Through the Looking-Glass: And What Alice Found There (Abridged and Illustrated)
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About the Author
Lewis Carroll was the pen name of Charles Lutwidge Dodgson (1832-1898), English author, mathematician, and photographer. One of eleven children of a scholarly country parson, he studied mathematics at Oxford, obtained a university post, and then was ordained as a deacon but found true success with his masterpiece, Alice's Adventures Under Ground, now known as Alice's Adventures in Wonderland, which originated as a story told to a young friend, Alice Liddell, during a boating trip on the Thames. Among his other works are Through the Looking-Glass, and What Alice Found There, The Hunting of the Snark, and Jabberwocky.
"A clever retelling of Carroll's classic story with all the imagery of the original." --The Wishing Shelf
It is, I think, very important to open the classics to younger children. Although the original texts are, of course, the best, there is still plenty of room for a good retelling, particularly if the story can then be accessed by younger readers.
In this abridgment of Lewis Carroll's popular children's novel, the authors have worked very hard to include many aspects of the original, from the Jabberwocky to Tweedledum and Tweedledee. Also, the imagery of 'chess' is still prominent, as is the 'mirror' theme, i.e. everything seems to be backwards.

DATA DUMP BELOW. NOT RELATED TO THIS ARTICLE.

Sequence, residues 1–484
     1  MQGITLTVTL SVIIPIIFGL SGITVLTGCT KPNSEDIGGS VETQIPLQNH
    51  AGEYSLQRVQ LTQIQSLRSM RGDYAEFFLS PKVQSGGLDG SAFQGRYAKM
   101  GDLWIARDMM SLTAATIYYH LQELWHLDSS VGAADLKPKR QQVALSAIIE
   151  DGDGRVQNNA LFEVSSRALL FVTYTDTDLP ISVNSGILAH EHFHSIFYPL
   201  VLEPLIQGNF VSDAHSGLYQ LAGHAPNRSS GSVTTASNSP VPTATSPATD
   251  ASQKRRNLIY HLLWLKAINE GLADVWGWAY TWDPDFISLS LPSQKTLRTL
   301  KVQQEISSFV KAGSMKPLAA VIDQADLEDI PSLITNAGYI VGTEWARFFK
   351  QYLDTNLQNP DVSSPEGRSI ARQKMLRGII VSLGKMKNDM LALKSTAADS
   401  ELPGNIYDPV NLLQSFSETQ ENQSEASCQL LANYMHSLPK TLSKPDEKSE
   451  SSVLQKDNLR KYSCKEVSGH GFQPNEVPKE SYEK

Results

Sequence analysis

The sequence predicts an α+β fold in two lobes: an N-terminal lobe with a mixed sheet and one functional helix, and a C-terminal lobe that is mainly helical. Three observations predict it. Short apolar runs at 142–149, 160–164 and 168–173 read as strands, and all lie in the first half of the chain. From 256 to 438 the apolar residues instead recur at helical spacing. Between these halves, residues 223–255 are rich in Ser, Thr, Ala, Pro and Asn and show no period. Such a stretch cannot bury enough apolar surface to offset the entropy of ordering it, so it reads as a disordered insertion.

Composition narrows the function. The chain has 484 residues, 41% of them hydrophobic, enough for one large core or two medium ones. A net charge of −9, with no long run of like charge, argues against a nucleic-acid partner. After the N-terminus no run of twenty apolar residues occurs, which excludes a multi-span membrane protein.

I think, all in all, the authors have worked wonders with this retelling. It must be remembered, this is a difficult story in many ways. Carroll, I think, is a rather odd writer who tends not to focus so much on plot, but on setting and character - and, of course, trying to confuse the reader as much as possible. I often wonder if, when he wrote his Alice books, he wasn't enjoying a large number of mind-altering drugs.
But, thankfully, the two authors have persevered. And, by doing so, are offering 7 - 12 year olds a very accessible text. Carroll's word play is still there, as is his logic and, of course, his fantasy. But, with a text of this sort, the young reader now has a chance of understanding it. Well, most of it anyway.
Finally, to the drawings. The illustrator is very talented; VERY talented, helping the reader to picture the characters and to understand Carroll's often surreal settings. Although I enjoyed the story, it was, in fact, the drawings that blew my mind. If I ever write a children's book, I will be turning to Farzana Cooper to illustrate it.
To sum up, this retelling would, I think, would be welcome in any school library. And, if I was trying to help a younger child to access Carroll's work, a book of this nature would be most welcome. Let's face it, it has to be better than the 2016 Johnny Depp film. Now that was terrible!
--A 'Wishing Shelf' Book Review